"I also accept the applicant’s submission that the record before this court supports the inference that the respondent appreciated or was at least aware that the MCIA prevented him from speaking or voting on Code of Conduct violations involving himself. In May 2010, City Council considered a report in which the Integrity Commissioner found, in a report entitled, “Report on Violation of Code of Conduct by Councillor Ford”, that the respondent had improperly disclosed confidential information. At the relevant council meeting, the respondent recused himself, stating, “it’s a conflict of interest so I have to remove myself from the Chamber.” In his evidence at the present hearing, the respondent was unable to explain why he disqualified himself on that occasion, while speaking and voting on the present matter before Council on February 7, 2012.
— In summary, I am satisfied that the MCIA does apply to Code of Conduct violations, with the result that the respondent violated s. 5(1) of the MCIA when he spoke and voted on a matter in which he had a pecuniary interest at the City Council meeting of February 7, 2012...."
"The issue posed by s. 4(k) of the MCIA is whether the respondent’s pecuniary interest in the matter before Council – whether he should be required to furnish proof of repayment of $3,150.00 to donors – involved such an insignificant amount that it was unlikely to influence him in his consideration of that matter. While s. 4(k) appears to provide for an objective standard of reasonableness, I am respectfully of the view that the respondent has taken himself outside of the potential application of the exemption by asserting in his remarks to City Council that personal repayment of $3,150.00 is precisely the issue that he objects to and delivering this message was his clear reason for speaking and voting as he did at the Council meeting. The respondent stated, in his remarks at the Council meeting, `[A]nd if it wasn’t for this foundation, these kids would not have had a chance. And then to ask for me to pay it out of my own pocket personally, there is just, there is no sense to this. The money is gone, the money has been spent on football equipment….'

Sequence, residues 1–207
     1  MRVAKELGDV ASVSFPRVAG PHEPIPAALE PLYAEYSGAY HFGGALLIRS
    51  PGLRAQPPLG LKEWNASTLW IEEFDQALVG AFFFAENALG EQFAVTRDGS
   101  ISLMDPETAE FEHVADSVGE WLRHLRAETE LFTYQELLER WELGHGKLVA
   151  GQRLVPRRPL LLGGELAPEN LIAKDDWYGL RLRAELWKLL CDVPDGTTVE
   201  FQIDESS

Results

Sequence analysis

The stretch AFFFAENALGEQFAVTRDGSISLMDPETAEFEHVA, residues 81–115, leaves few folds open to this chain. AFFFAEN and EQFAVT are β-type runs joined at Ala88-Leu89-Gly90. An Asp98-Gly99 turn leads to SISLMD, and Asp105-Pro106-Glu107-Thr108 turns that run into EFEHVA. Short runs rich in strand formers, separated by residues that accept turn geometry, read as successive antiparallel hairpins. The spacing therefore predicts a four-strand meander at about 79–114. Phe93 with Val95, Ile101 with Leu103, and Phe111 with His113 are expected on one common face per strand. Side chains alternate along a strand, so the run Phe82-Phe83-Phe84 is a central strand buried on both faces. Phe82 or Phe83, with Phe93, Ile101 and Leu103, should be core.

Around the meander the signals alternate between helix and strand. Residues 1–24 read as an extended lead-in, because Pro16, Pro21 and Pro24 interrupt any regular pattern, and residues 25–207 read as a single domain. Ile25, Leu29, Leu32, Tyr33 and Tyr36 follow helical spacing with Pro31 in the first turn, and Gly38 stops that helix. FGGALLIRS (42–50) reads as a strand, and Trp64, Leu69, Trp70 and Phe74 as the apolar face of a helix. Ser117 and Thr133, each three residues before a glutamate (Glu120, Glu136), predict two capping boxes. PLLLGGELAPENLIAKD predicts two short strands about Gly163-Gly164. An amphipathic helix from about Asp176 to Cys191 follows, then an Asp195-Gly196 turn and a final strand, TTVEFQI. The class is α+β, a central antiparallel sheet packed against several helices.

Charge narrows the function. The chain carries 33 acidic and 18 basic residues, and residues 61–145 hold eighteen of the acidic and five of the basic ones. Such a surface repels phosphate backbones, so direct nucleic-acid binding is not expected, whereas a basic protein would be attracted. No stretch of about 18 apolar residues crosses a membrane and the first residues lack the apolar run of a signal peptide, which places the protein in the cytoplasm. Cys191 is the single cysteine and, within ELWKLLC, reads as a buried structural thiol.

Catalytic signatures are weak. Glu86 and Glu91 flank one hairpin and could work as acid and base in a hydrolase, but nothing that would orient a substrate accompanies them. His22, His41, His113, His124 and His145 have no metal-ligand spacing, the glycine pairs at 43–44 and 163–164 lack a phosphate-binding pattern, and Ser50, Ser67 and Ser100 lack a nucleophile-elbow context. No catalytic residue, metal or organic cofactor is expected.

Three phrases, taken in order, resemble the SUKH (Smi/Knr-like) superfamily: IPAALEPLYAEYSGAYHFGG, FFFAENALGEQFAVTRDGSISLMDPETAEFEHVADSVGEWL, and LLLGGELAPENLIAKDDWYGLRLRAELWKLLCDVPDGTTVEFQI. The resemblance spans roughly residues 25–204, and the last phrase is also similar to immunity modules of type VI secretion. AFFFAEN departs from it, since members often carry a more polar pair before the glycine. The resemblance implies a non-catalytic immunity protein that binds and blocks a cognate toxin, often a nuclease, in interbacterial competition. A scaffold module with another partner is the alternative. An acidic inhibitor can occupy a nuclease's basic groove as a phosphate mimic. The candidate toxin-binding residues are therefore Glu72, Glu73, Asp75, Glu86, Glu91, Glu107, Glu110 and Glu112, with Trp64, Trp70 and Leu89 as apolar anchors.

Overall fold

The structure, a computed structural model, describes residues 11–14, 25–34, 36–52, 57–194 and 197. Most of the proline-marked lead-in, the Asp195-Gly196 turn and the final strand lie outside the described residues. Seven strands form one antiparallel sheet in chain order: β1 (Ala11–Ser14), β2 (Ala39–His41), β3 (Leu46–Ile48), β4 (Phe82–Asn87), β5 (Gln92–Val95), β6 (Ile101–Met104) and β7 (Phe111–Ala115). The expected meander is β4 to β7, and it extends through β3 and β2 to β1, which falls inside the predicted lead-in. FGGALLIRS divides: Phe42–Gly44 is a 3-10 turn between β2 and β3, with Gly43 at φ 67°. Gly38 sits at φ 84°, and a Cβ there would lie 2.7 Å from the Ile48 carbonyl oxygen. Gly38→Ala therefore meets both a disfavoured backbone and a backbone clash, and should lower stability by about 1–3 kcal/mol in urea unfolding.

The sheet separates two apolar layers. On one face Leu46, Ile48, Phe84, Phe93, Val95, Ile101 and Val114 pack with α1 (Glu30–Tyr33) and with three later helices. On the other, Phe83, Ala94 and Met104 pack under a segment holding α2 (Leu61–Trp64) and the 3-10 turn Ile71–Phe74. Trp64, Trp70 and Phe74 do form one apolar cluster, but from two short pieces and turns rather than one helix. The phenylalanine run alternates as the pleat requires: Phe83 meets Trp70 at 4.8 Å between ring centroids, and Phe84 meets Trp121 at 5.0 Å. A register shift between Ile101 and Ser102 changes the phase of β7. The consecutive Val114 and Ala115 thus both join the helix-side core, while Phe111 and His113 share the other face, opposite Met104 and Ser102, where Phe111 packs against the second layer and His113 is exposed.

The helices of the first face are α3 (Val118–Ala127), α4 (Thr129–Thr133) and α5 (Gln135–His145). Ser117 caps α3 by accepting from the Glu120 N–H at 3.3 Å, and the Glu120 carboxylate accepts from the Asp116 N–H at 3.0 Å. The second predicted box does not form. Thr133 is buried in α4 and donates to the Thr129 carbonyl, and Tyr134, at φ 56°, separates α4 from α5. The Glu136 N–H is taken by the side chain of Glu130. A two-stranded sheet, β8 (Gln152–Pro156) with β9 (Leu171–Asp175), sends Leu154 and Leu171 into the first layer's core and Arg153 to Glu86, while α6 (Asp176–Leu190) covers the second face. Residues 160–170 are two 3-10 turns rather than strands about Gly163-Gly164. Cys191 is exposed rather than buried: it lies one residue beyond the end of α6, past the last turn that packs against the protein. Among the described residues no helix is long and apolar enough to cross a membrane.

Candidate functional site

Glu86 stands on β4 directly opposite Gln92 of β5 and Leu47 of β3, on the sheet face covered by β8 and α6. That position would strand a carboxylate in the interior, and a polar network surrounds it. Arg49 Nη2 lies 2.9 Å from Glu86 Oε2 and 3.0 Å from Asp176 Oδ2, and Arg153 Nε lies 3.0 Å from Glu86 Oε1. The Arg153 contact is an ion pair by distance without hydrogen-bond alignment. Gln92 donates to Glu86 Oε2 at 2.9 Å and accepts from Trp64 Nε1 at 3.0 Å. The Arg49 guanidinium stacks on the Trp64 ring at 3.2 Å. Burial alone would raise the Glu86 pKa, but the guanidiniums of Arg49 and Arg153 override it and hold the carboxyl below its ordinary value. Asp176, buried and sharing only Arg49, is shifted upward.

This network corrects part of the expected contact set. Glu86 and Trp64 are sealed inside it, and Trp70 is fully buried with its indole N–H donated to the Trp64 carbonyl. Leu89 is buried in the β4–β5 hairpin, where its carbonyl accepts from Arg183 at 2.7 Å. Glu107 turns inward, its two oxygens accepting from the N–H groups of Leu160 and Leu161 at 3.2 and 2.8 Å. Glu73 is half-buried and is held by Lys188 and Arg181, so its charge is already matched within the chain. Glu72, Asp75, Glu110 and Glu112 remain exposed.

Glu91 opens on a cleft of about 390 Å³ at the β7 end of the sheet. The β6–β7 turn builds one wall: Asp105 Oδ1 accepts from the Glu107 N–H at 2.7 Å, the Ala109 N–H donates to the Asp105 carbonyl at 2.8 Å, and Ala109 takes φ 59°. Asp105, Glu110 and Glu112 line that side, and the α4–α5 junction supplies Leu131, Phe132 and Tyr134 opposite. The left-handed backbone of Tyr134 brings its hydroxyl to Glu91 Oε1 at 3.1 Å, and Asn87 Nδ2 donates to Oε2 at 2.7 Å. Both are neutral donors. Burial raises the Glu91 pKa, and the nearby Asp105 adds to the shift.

— In view of the respondent’s remarks to City Council, I find that his pecuniary interest in the recommended repayment of $3,150.00 was of significance to him. Therefore the exemption in s. 4(k) of the MCIA does not apply.